According to Microsoft, the Covid-19 pandemic and the rise in all-remote and hybrid workforces sped up the development of Windows 365, which companies will be able to manage using the same tools they use to manage real PCs. Workers and home users will be able to use a full-powered Cloud PC and not need to worry about applying regular Windows updates, according to Microsoft.
Of course, cloud computing is nothing new. Corporate software which can virtualize a Windows desktop for remote users has been available for years, but often requires a professional IT staff to maintain. Chromebooks, laptops which run Google’s Chrome operating system and run most applications in the cloud, have been available since 2011.
But cloud computing for the masses is fresh ground for Microsoft, which said it would make Windows 10 (and later Windows 11) available via Windows 365, when the subscription service launches Aug. 2. Pricing for Windows 365 has yet to be announced.
The cruelty absolutely was and is the point of right-wing American politics, and Adam Serwer can tell you exactly why that is, what it means, and how we got here. I had him on the show last week to discuss his new book, and I think we can all learn something (many things, in fact) from Adam on this crucial issue. Also, check out my epic live-tweeting thread as I read his essential new book, “The Cruelty Is The Point: The Past, Present and Future of Trump’s America.”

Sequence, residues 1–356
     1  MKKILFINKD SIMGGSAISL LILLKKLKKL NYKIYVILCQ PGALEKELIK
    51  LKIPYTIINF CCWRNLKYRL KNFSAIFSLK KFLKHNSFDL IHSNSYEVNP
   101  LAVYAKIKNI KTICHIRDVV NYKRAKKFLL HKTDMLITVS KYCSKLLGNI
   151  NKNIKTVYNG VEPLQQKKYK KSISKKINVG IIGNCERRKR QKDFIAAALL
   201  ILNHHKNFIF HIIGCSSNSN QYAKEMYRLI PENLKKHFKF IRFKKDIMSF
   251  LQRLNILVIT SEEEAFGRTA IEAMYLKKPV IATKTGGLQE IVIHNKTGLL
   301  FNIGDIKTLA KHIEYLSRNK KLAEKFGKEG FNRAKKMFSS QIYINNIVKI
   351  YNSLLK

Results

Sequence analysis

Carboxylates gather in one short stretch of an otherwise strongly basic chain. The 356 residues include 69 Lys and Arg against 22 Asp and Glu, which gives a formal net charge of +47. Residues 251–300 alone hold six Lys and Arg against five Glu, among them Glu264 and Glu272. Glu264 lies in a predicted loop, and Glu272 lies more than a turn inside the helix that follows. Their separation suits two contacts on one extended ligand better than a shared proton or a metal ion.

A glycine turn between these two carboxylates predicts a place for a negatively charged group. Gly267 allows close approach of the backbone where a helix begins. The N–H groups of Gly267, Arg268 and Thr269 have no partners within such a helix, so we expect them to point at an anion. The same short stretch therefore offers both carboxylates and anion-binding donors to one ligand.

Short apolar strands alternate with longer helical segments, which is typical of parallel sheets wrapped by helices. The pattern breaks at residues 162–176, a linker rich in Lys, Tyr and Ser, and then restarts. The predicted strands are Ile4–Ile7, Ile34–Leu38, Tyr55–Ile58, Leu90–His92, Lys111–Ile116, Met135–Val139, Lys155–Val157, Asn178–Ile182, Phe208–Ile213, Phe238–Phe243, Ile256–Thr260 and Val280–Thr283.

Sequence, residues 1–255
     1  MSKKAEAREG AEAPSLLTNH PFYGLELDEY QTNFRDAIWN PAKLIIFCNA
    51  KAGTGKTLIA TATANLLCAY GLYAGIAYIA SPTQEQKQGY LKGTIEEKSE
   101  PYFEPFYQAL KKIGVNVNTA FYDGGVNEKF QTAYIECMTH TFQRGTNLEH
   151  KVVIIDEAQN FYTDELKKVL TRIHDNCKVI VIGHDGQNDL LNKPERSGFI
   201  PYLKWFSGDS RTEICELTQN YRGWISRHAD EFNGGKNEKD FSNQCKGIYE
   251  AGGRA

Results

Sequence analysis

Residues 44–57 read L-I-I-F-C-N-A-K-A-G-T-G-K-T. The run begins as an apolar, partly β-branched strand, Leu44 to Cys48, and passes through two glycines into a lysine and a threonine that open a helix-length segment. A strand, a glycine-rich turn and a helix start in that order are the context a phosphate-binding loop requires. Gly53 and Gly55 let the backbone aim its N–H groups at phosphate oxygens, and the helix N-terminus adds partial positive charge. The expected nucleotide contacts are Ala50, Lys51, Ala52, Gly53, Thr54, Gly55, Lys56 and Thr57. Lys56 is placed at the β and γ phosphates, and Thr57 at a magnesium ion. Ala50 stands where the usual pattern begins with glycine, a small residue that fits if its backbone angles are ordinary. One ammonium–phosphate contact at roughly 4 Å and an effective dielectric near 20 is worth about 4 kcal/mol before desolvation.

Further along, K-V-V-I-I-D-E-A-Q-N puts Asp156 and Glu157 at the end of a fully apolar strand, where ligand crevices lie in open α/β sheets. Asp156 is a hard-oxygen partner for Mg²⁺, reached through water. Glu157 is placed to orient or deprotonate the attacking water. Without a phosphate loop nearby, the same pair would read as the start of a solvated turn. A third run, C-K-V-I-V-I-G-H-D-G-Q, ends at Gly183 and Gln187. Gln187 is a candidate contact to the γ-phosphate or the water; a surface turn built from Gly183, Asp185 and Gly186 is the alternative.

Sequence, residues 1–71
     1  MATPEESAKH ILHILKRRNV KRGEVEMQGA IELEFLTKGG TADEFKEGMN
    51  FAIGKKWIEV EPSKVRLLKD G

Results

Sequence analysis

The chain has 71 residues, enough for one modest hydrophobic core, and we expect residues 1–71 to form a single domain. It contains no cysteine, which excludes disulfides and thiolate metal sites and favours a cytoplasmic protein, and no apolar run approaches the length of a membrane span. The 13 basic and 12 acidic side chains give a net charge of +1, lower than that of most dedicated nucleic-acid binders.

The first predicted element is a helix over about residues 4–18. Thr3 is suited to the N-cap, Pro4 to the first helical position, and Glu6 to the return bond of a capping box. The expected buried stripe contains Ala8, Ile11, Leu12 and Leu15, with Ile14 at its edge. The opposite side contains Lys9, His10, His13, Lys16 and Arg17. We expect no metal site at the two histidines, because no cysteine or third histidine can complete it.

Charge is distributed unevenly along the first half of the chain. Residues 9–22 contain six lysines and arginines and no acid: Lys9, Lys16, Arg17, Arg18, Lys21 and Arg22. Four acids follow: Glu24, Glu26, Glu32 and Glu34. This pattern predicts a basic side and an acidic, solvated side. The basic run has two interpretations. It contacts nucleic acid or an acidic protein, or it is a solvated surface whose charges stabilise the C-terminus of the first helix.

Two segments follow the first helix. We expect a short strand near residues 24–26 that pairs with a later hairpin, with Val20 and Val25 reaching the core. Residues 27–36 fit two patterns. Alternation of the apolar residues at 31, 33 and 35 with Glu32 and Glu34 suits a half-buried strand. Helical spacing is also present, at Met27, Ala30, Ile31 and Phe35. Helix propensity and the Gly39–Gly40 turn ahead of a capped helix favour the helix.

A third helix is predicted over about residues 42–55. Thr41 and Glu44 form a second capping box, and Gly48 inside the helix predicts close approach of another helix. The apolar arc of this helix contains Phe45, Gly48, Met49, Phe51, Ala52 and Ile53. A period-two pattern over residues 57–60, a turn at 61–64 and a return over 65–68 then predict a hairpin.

Odds & Ends
🗞 TUNE IN: #NYTReadalong this Sunday is Neil Amdur, former NYT sports editor. Sunday, 8:30-10 am ET on my social channels. Meanwhile, see recent episodes: Shashank Bengali, NYT Live desk, former LAT South Asia bureau chief; Philip Bump, WashPost national correspondent; Margalit Fox, NYT obituaries writer; Jonathan Boorstein, writer & urban ecologist.
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The Sunday #NYTReadalong is sponsored by Muck Rack. Interested in sponsorship opportunities? Email email@example.com and firstname.lastname@example.org.